Duga radar can be easily seen from higher buildings of Pripyat, so it was hardly a secret for civilians living there. What was secret though was its purpose. Locals were told it being television antenna!

Just two years after Chernobyl, Gorbachev government found itself again at odds with harsh realities of Soviet system. December 1988 an earthquake 6.8 Ms magnitude, rocked northern regions of Soviet Republic of Armenia. Casualties have been estimated 25000—50000 dead. Much of casualties were attributed to substandard construction of buildings during Breznevian decades, such as excess amount of sand used because cement had been stolen or sold to black market. Also the Soviet war in Afghanistan was going wrong big time, and eventually they would have to recognise the defeat and withdraw. These hardships were used by Gorbachev as evidence that Soviet system needed fundamental changes, enter the glasnost and perestroika reforms. However as history then witnessed, it was too little too late. In November 1989 Berlin Wall fell, and dominoes started to fall for Soviet block.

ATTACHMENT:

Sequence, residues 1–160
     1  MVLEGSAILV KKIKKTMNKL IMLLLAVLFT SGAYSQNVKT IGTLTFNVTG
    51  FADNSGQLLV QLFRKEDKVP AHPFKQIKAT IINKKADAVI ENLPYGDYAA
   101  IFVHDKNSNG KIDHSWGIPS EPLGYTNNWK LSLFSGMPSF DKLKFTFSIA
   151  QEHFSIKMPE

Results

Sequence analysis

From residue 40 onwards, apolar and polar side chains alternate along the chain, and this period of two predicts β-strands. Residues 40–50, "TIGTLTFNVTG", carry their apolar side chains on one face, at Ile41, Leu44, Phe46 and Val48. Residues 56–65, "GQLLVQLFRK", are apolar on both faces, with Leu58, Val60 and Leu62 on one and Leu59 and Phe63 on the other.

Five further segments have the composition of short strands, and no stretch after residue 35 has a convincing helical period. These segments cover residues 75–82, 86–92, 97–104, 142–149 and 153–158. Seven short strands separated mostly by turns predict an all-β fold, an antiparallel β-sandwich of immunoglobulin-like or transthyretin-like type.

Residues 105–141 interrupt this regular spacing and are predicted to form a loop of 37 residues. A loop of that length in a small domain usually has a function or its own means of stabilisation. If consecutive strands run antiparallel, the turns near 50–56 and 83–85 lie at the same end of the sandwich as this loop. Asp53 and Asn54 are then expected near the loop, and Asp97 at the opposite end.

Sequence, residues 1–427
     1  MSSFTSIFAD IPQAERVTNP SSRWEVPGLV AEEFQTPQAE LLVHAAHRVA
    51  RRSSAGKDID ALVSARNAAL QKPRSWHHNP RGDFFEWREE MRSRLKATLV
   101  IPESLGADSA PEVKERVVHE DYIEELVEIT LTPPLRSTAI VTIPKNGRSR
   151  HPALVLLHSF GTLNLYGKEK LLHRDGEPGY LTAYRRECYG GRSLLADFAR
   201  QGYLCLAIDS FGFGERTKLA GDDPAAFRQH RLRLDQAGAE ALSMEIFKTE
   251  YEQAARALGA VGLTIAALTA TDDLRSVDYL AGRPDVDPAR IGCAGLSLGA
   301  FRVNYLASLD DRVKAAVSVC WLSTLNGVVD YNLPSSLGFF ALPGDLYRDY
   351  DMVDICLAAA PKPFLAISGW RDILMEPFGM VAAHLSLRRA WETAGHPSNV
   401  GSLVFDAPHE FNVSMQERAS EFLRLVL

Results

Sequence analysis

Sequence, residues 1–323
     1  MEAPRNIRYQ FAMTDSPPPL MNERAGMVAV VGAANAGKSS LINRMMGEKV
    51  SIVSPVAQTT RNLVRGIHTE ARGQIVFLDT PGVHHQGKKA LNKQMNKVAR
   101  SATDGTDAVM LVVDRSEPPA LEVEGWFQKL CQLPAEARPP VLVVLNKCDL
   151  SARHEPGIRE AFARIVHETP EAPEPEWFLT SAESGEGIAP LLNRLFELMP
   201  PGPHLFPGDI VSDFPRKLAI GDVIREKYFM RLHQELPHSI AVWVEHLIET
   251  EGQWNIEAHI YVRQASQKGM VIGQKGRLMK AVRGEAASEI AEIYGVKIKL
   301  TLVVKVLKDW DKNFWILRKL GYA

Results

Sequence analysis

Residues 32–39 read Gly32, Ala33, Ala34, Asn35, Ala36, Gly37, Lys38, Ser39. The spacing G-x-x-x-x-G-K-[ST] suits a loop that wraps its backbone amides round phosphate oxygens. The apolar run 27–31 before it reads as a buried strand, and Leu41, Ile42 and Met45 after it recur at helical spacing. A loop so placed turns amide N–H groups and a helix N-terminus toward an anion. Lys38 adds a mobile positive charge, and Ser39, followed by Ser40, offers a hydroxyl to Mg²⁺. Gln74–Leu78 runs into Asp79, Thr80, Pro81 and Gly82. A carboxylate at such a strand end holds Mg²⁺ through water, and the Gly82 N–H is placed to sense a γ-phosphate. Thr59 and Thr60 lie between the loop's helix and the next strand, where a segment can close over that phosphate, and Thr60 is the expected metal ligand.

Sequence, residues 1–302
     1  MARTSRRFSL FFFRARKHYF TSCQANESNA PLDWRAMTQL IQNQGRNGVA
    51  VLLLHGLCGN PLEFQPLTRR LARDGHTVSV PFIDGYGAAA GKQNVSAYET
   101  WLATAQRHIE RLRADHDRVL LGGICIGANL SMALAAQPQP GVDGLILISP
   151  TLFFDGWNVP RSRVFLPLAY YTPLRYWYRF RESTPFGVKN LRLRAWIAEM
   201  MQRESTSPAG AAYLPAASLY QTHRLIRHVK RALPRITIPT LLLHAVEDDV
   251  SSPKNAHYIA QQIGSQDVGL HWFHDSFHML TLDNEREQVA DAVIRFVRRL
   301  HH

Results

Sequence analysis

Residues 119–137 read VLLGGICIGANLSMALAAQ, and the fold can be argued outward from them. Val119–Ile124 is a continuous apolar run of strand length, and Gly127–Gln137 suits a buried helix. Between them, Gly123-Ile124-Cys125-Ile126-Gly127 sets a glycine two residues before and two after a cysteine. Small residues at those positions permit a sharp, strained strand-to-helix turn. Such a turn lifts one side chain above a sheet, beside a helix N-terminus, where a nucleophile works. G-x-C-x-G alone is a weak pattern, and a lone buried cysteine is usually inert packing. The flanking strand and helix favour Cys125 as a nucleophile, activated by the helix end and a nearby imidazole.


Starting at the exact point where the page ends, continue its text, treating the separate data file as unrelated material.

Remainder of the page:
Statue of Lenin still stood at firmly in Kiev, September 2012. In public view it had transitioned from being Communist monument, to a symbol of Ukraine’s linkage to Moscow. After EuroMaidan protests in 2013-2014, old gentleman finally had to step down from his podium.

Chernobyl today: the New Safe Confinement is getting ready. It is a structure intended to contain the destroyed nuclear reactor #4. Besides better prevention of radiation leaks, secondary goal is to allow partial demolition of the old sarcophagus built 1986. The total cost of the project is estimated to be around 2.15 billion Euros. November 2016, NSC moving has started: Link.

Interesting clip about starting and stopping a scientific nuclear reactor.